Study is first to map Earth's hidden groundwater

November 16, 2015
If all the Earth's modern groundwater was pooled above ground, how deep would it be? Credit: Karyn Ho

Groundwater: it's one of the planet's most exploited, most precious natural resources. It ranges in age from months to millions of years old. Around the world, there's increasing demand to know how much we have and how long before it's tapped out.

For the first time since a back-of-the-envelope calculation of the global volume of groundwater was attempted in the 1970s, an international group of hydrologists has produced the first data-driven estimate of the Earth's total supply of groundwater. The study, led by Dr. Tom Gleeson of the University of Victoria with co-authors at the University of Texas at Austin, the University of Calgary and the University of Göttingen, was published today in Nature Geoscience.

The bigger part of the study is the "modern" groundwater story. The report shows that less than six per cent of groundwater in the upper two kilometres of the Earth's landmass is renewable within a human lifetime.

"This has never been known before," says Gleeson. "We already know that water levels in lots of aquifers are dropping. We're using our groundwater resources too fast—faster than they're being renewed."

With the growing global demand for water—especially in light of climate change—this study provides important information to water managers and policy developers as well as scientists from fields such as hydrology, atmospheric science, geochemistry and oceanography to better manage groundwater resources in a sustainable way, he says.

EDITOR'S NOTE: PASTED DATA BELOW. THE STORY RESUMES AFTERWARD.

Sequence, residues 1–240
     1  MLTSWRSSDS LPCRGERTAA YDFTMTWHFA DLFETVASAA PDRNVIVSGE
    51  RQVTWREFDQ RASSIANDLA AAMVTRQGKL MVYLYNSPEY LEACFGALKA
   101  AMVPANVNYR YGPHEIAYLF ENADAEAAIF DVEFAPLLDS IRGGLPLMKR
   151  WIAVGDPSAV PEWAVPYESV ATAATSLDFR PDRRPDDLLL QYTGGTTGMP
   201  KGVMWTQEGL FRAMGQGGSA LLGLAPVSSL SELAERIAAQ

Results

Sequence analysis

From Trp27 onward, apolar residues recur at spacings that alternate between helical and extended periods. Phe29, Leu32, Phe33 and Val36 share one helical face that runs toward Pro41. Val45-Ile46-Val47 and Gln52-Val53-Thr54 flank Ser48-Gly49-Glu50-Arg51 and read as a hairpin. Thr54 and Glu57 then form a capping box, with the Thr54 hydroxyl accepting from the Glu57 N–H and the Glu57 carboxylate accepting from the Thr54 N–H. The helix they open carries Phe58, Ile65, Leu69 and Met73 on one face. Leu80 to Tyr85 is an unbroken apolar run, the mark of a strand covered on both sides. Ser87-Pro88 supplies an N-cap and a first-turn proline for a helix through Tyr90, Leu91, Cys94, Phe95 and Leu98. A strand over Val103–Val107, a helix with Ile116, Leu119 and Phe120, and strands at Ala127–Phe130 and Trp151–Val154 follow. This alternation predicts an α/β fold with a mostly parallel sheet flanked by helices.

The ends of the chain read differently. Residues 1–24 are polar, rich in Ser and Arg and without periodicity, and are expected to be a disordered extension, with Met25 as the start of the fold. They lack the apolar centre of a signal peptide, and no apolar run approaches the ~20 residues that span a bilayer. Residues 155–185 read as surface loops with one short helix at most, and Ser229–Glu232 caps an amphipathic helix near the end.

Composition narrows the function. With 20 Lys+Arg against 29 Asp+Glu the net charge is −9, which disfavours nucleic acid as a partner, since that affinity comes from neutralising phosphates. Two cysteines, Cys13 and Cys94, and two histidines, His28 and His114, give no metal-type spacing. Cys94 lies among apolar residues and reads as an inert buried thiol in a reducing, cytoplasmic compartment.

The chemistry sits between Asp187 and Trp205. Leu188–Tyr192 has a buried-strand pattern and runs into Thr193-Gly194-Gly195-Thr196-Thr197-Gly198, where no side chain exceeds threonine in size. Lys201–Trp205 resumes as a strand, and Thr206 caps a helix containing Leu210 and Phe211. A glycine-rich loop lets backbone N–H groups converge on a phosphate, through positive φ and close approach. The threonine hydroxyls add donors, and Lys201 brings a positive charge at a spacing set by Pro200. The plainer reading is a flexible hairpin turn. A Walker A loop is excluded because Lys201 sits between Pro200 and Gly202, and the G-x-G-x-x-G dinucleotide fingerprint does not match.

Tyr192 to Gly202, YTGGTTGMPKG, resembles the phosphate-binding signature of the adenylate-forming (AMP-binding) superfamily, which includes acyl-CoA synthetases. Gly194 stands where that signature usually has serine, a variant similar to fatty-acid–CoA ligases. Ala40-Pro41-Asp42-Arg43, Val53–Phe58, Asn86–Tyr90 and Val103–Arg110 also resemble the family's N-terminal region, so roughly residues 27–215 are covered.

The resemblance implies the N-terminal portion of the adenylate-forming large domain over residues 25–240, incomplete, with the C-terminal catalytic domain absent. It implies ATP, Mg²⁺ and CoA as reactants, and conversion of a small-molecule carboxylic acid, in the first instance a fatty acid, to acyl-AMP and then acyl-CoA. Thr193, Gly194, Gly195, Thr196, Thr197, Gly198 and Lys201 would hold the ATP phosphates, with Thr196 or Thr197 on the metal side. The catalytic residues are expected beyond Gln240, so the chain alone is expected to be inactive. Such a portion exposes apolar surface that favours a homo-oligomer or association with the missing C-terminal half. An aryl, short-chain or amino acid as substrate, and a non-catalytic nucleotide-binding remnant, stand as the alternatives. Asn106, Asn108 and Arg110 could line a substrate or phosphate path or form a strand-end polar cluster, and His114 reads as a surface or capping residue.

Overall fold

Using multiple datasets (including data from close to a million watersheds), and more than 40,000 groundwater models, the study estimates a total volume of nearly 23 million cubic kilometres of total groundwater of which 0.35 million cubic kilometres is younger than 50 years old.

Why is it important to differentiate old from modern groundwater? Young and old groundwater are fundamentally different in how they interact with the rest of the water and climate cycles. Old groundwater is found deeper and is often used as a water resource for agriculture and industry. Sometimes it contains arsenic or uranium and is often more salty than ocean water. In some areas, the briny water is so old, isolated and stagnant it should be thought of as non-renewable, says Gleeson.

The volume of modern groundwater dwarfs all other components of the active water cycle and is a more renewable resource but, because it's closer to surface water and is faster-moving than old groundwater, it's also more vulnerable to climate change and contamination by human activities.

The study's maps show most modern groundwater in tropical and mountain regions. Some of the largest deposits are in the Amazon Basin, the Congo, Indonesia, and in North and Central America running along the Rockies and the western cordillera to the tip of South America. High northern latitudes are excluded from the data because satellite data doesn't accurately cover these latitudes. Regardless, this area is largely under permafrost with little groundwater. The least amount of modern groundwater is not surprisingly in more arid regions such as the Sahara.

"Intuitively, we expect drier areas to have less young groundwater and more humid areas to have more, but before this study, all we had was intuition. Now, we have a quantitative estimate that we compared to geochemical observations." says Dr. Kevin Befus, who conducted the groundwater simulations as part of his doctoral research at the University of Texas and is now a post-doctoral fellow at the United States Geological Survey.